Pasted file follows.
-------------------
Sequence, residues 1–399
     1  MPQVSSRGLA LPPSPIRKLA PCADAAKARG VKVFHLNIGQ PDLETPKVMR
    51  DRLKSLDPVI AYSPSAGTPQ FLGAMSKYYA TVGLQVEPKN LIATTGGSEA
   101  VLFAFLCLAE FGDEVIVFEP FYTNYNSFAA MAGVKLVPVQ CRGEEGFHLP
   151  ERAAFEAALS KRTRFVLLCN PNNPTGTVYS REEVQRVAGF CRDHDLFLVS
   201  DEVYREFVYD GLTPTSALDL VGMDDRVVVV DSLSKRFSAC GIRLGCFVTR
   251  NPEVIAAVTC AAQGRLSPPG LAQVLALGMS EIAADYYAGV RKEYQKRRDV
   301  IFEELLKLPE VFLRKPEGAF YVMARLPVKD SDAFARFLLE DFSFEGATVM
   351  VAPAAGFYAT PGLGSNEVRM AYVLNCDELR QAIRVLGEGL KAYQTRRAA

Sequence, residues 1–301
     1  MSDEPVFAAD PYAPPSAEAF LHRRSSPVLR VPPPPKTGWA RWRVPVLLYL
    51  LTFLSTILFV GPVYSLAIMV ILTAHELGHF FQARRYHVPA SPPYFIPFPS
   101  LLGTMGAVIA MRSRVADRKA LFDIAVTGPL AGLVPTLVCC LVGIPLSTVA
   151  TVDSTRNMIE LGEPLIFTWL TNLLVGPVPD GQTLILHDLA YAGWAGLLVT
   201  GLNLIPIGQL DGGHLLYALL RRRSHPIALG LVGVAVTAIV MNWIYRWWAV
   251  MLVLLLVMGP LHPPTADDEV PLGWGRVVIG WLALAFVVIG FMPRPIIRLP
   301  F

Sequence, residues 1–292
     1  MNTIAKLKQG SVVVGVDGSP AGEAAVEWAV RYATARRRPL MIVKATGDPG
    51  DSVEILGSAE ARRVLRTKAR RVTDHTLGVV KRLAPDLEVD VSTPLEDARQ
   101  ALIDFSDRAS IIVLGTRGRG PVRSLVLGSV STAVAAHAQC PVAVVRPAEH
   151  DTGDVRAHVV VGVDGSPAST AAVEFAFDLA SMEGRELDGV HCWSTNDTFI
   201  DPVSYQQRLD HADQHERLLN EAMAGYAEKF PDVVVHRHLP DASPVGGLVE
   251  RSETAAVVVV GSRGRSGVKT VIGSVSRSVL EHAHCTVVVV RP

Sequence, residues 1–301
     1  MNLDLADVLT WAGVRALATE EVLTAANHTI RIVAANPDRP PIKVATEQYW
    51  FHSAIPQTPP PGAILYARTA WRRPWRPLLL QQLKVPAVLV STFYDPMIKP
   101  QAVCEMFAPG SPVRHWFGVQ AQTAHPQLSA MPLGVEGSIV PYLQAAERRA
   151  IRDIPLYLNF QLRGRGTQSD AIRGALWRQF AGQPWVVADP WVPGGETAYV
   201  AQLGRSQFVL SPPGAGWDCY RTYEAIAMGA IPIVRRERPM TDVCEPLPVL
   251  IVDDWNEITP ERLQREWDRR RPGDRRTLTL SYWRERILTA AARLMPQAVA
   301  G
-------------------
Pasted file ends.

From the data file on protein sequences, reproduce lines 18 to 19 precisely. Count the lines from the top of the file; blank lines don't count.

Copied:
Sequence, residues 1–292
     1  MNTIAKLKQG SVVVGVDGSP AGEAAVEWAV RYATARRRPL MIVKATGDPG